»Songs for Sad Poets« was born out of a mutual admiration of each other’s work and it is easy to see how the musician and the writer could relate to one another artistically. The Tehran-based Amini has released over 20 albums in the past decade—among them »TAR« and »FORAS« on Hallow Ground—that probe the physical world but also search for something beyond it. His compositions draw on field recordings as well as acoustic and electronic sounds, blurring the lines between what is conventionally perceived as real or authentic and the abstract or otherworldly. The New York-based Thacker on the other hand is known as a writer whose philosophical works like »Infinite Resignation« read like poetry while his poetry and other literary writing is inherently philosophically charged. What unites them on this project is an interest in the idea of the fragility of the human being set against the vast horizon of climate, planet, and the cosmos that produces a »sadness without cause.« The pieces on »Songs for Sad Poets« translate this nearly inexpressible ambient melancholy into dense and sometimes claustrophobic pieces that are marked by internal tensions and slowly unfolding dynamics.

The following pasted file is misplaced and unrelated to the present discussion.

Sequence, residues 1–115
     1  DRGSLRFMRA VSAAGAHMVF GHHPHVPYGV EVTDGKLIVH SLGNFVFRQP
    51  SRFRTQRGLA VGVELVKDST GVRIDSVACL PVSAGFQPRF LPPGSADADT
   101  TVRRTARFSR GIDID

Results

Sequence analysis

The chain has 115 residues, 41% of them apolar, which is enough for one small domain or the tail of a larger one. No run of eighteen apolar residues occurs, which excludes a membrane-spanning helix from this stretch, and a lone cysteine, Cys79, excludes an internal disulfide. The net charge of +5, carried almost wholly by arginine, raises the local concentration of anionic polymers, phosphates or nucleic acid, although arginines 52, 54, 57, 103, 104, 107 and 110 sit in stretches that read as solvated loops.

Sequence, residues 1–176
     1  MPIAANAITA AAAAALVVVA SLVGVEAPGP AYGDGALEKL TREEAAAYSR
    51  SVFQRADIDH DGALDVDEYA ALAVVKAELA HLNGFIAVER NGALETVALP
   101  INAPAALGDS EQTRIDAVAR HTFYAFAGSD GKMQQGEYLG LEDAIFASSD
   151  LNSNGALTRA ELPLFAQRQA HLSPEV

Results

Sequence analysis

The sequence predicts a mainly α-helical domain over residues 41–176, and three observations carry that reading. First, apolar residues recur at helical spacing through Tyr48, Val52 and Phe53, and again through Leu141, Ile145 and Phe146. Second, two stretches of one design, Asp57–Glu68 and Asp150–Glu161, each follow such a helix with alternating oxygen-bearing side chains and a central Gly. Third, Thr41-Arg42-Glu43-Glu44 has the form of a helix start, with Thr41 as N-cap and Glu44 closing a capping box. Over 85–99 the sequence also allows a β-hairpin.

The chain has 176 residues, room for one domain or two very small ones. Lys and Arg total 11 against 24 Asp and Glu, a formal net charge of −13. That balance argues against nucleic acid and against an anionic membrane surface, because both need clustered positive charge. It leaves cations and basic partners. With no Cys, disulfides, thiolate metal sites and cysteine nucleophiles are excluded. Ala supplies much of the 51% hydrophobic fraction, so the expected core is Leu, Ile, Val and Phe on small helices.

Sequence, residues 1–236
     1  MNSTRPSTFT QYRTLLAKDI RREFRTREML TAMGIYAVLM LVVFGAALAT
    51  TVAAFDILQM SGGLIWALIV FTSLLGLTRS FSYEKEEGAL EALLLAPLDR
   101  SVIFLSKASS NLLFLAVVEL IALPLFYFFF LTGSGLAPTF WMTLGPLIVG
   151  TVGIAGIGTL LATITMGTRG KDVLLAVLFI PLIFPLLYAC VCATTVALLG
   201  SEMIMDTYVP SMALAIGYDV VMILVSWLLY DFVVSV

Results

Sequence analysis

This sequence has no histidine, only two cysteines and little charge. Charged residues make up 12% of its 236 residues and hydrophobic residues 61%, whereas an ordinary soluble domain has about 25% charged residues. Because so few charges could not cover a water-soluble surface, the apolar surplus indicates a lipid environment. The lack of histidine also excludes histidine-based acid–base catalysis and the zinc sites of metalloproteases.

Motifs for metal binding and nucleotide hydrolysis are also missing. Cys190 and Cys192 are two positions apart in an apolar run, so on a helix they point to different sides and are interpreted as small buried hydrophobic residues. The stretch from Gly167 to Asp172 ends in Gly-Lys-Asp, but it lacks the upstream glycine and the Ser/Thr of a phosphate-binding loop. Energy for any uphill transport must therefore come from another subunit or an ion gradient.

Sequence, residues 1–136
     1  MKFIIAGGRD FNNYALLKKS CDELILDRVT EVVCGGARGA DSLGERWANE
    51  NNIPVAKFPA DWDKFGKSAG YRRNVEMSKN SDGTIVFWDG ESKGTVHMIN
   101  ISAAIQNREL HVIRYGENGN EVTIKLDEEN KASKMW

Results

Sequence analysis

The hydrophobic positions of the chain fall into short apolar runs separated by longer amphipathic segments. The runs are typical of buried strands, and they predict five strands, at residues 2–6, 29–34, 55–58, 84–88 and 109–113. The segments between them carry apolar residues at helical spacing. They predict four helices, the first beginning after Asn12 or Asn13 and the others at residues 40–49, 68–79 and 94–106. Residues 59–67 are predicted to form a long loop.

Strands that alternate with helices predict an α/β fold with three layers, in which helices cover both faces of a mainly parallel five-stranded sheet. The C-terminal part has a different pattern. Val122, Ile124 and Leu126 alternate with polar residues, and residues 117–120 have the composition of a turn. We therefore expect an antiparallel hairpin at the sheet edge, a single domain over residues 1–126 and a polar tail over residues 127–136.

The eight poems are neither only the starting points nor just the byproduct of the compositions, or vice versa. Instead, the entire record is one single result of a coherent creative process. Thacker’s writing—dedicated to the poètes maudits Gérard de Nerval, Chūya Nakahara, Sadeq Hedayat, Alejandra Pizarnik, Giacomo Leopardi, Mário de Sá-Carneiro, Zhu Shuzhen and Jean-Joseph Rabearivelo—is marked by a stunning formal rigour, but also a wide-reaching evocativeness. All it needs to conjure up an all encompassing sense of cosmic sorrow is a few lines with even fewer words in them. The rhythmic character of the poems is reflected in Amini’s music which puts an emphasis on tone and mood, but also on movement and density. All of this makes »Songs for Sad Poets« a work of art that directly addresses its listeners’ affects, expressing an underlying melancholy while evoking an air of dread by transcending the borders between music and literature.